Present Value of Annual Rent Payment

$1,643,100

$1,835,657

$1,938,964

Average Annual Rent Payment

$280,000

$321,429

$330,000

Net Effective Annual Rent Payment

$277,676

$310,217

$327,676

Expense Chargebacks

$82,813

$51,529

$99,376

Tenant Improvements

$300,000

$150,000

$0

Other Lease Costs

$50,000

$10,000

$20,000

Total Costs

$432,813

$211,529

$119,376

Total Annual Rent Cost

$2,392,813

$2,461,528

$2,429,376

Present Value of Total Annual Rent Cost

$2,004,753

$2,011,845

$2,034,817

Average Total Annual Rent Cost

$341,830

$351,647

$347,054

Net Effective Total Annual Rent Cost

$338,794

$339,992

$343,875

 

Notice that the report displays all the critical information necessary to evaluate the lease alternatives.  The calculations of annual rent payments and annual rent costs include amortization of rental concessions, TIs and other lease costs over the term of the lease. Especially helpful are the present value and the net effective rent calculations to determine the true cost of the alternatives.  In evaluating the three alternatives, Acme has a number of variables to consider.

Lease 1 presents the lowest rent payments and notice that when other costs, such as outlays for TIs, other lease costs and expense chargebacks are considered, the total cost, average rent cost and net effective rent for this alternative are also the lowest on both an absolute and present value basis. However, with this option, Acme must make upfront cash payments of $350,000 for TI and other lease costs .  In Lease 2, Acme gets the benefit of free rent for the first year of the lease and a $150,000 TI allowance so the cash requirements in the first year are the lowest among the three alternatives. However, rent payments increase substantially over the term of the lease and total cost, average rent and net effective rent, on both an absolute and present value basis, are higher than Lease 1. Lease 3 presents the highest rent payments but also has the highest TI allowance and a rather modest amount for other leased costs. The resulting total cost, average cost and net effective rent are also higher than Lease 1.

Which lease options should Acme choose?  The answer may not be as obvious as it seems.  The initial choice might be Lease 1 because of the lowest cost results for most of the metrics. But cash payments early in the term of the lease may be a critical factor to an organization that has cash flow concerns. That might make Lease 2 or Lease 3 a more attractive alternative. Maybe Lease 2 is in a more prestigious location than Lease 1 and justifies the extra $1,198 per year effective rent.  Conversely, perhaps Acme has substantial cash at the beginning of the lease term and wants to have as low cash payments as possible over the term of the lease.  In addition, Acme may know that it will be likely to renew the lease after the seven year term and may want to enter into those negotiations with the lowest rent payments in the seventh year of the lease term. Once again, that might make Lease 1 a likely choice.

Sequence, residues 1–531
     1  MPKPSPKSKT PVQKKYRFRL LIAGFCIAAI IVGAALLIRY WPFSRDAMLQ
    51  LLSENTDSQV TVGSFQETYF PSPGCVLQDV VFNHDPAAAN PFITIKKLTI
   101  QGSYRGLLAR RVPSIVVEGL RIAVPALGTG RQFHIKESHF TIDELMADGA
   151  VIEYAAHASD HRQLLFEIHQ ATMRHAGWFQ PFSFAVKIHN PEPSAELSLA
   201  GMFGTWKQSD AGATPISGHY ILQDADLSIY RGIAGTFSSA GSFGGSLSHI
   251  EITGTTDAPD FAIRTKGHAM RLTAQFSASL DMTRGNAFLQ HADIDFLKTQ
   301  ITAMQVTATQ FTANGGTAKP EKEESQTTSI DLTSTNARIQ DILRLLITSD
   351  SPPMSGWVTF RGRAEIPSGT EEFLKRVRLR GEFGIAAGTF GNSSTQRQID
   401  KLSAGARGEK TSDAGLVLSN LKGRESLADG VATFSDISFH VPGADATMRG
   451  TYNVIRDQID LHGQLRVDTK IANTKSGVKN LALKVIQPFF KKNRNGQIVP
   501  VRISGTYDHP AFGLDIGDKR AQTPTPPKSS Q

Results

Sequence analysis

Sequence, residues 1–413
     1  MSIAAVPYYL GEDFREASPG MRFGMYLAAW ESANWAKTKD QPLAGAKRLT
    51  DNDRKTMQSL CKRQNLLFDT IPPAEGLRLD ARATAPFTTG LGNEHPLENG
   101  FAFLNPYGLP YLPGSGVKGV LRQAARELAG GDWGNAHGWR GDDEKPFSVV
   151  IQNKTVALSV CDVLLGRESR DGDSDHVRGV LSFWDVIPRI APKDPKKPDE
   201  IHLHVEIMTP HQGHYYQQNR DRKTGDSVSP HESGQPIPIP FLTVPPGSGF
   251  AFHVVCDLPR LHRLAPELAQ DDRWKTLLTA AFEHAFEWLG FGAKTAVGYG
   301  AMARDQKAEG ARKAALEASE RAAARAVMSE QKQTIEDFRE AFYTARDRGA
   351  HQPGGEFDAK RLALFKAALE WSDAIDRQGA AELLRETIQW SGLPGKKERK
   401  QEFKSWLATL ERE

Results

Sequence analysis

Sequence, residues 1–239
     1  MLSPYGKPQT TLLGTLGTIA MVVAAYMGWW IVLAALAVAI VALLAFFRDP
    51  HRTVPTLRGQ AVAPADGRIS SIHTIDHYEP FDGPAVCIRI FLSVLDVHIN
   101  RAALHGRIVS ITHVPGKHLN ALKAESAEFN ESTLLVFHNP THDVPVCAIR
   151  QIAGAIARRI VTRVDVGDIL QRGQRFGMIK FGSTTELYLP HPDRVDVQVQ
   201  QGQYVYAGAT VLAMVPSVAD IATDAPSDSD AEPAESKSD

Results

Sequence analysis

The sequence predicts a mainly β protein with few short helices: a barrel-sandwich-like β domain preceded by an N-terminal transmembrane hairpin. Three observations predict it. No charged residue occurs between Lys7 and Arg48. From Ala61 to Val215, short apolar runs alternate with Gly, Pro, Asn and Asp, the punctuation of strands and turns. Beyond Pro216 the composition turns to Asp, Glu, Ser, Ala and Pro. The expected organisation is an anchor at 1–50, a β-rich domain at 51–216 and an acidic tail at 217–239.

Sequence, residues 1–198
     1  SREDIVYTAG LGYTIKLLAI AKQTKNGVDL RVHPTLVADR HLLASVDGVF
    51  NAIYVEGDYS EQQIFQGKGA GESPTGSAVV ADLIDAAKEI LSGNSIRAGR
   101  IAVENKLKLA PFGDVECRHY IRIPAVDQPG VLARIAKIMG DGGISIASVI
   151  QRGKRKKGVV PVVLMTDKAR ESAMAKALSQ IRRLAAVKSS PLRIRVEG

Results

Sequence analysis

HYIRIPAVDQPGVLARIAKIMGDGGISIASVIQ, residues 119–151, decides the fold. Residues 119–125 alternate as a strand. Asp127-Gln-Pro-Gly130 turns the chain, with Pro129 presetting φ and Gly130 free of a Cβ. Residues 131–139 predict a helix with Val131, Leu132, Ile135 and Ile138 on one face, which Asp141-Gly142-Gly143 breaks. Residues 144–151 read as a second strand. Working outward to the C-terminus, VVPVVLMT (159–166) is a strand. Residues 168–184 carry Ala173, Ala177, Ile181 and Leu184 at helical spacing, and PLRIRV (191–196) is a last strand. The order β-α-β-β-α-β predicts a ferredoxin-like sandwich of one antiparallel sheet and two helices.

We are not here to draw a conclusion in this example. We cannot possibly know all of the considerations that would enter into a final conclusion. However, we have demonstrated that Lease Analysis can provide the user with an easy to evaluate, side by side comparison of all the relevant information necessary to draw a conclusion based on its business needs and situation. Too many times, lessees focus on only one aspect of a potential transaction when making a decision – the annual rent payments. But the other costs associated with the transaction should not be overlooked. For example, the negotiations involving the TI allowance or free rent are often critical issues for most office leases. A healthy TI allowance can mitigate much of the cost associated with setting up or moving an office. Free rent can be a critical factor for a start up entity.   Lease Analysis can be instrumental in helping the user determine how these aspects of the lease fit into the overall negotiations.

Too often lease management systems do not consider the need for a technology solution to assist in sorting out all the critical issues associated with evaluating lease alternatives and providing the user with the statistical tools for an effective negotiation. In fact, this is the most important part of the process – understanding all the aspects of the alternatives and getting the best deal. In planning iLeasePro, we were determined to develop an end to end technology solution that provided critical assistance to the user during the full life cycle of the lease. Our Lease Analysis component provides that type of critical assistance.